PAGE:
Courseware design and development model

As part of the Core Safety Training Program consultancy, Woodside management required the University to provide the following services: The initial design process involved the instructional designer working in consultation with content specialists to prepare a course matrix for each course. The matrix served as the blueprint for all subsequent design and development work and comprised three parts. The first design phase included the establishment of the course title, the general aim of the course, details of the target audience, performance objectives and enabling objectives. The second design phase involved the identification of the content for each of the course objectives and a list of graphics and other resources required by the designer and technical writer for the development of courseware (eg. photographs, blank permit forms, tags etc.). The third design phase involved the determination of the delivery and teaching strategies, and the assessment instruments to be used for each objective.

The use of particular teaching and learning strategies varied from one course to another and with the desired outcome. The strategies adopted for these training materials were designed to cater for Woodside employees who had limited formal education. The cognitive domain strategies required the learners to select information, store it and develop retrieval skills so that they could successfully complete course assessment and call their training into use in the workplace. Some courses required the use of video to show actual work situations and procedures, and others used computer based training packages combined with commercially available interactive video disk material. Woodside specified that each module of work had to have computer based training or assessment material in the form of formative and summative assessment and all courses had to be accompanied by a practical field activity. The development of the course material was focused on the study guide which, as the name implies, was designed to lead each trainee through the various components of the multimedia material.

Once each course matrix had been validated by the Core Review Committee (CRC), a group of Woodside employees, supervisors and managers appointed to monitor all courses, the Woodside project coordinator would then authorise USQ DEC to begin the production of the first draft of the course.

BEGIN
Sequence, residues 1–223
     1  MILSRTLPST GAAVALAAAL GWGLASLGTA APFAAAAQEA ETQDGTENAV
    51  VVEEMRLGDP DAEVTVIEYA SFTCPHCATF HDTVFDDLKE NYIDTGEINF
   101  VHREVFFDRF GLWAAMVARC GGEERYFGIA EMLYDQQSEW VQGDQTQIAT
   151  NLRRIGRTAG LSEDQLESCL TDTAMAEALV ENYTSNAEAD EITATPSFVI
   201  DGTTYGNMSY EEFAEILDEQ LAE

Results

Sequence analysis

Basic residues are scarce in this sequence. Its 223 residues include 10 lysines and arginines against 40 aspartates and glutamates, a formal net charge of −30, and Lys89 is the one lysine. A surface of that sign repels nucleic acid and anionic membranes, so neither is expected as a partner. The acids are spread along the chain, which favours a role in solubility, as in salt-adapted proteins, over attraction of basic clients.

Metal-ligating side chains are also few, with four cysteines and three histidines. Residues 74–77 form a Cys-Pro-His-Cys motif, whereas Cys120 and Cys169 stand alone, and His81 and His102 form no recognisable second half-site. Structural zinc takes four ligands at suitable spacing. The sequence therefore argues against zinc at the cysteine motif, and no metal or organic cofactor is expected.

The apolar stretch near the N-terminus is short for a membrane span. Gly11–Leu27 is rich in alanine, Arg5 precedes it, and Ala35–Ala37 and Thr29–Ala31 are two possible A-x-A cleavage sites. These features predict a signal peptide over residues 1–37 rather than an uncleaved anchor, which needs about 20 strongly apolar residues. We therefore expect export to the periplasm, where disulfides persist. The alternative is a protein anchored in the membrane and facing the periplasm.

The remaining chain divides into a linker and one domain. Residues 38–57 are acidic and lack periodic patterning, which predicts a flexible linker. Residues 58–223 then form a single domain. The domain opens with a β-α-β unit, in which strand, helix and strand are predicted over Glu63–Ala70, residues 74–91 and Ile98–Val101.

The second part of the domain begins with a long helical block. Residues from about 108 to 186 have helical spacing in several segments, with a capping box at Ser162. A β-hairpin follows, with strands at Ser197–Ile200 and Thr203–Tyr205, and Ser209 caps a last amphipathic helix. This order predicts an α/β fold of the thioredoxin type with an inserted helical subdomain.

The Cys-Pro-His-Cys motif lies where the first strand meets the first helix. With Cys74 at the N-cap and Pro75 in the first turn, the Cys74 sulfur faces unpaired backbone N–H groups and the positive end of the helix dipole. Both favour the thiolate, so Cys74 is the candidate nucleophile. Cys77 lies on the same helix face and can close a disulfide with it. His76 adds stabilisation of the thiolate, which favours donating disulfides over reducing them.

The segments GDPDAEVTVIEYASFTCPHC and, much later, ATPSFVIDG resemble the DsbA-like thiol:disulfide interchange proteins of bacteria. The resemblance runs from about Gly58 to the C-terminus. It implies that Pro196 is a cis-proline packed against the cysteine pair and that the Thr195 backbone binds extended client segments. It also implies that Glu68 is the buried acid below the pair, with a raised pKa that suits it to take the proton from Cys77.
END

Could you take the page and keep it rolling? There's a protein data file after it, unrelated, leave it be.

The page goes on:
Using the matrix as the course blueprint, the technical writer prepared a first draft of the text, video scripts when required, and computer based training and assessment items. When completed the material was sent to Woodside for the first proof to be carried out. The first draft included all text for study material, full video scripts, and all assessment items which were prepared with feedback for correct and incorrect responses. In the case of assessment items the format of each question was specified (eg. multiple choice, multiple answer, true or false etc.), and the actual computer programming would not take place until approval for all items was received from Woodside. The draft material was passed to all members of the course consultancy team to be checked for accuracy and amendment where necessary. The changes were, in most cases, minor. Once validation of all items was received the Woodside project coordinator issued the authorisation for the design and development of the courses to proceed to the next stage and for the computer based assessment and instruction to be programmed. The design and development process (Figure 1) provided a systematic and efficient mechanism for the production of training material. Much of the preparatory work for each course was undertaken in Karratha during the design team's visit. All work sent to Woodside for proofing was transmitted via modem enabling even the most complex of computer based material to be transferred quickly between the two work locations.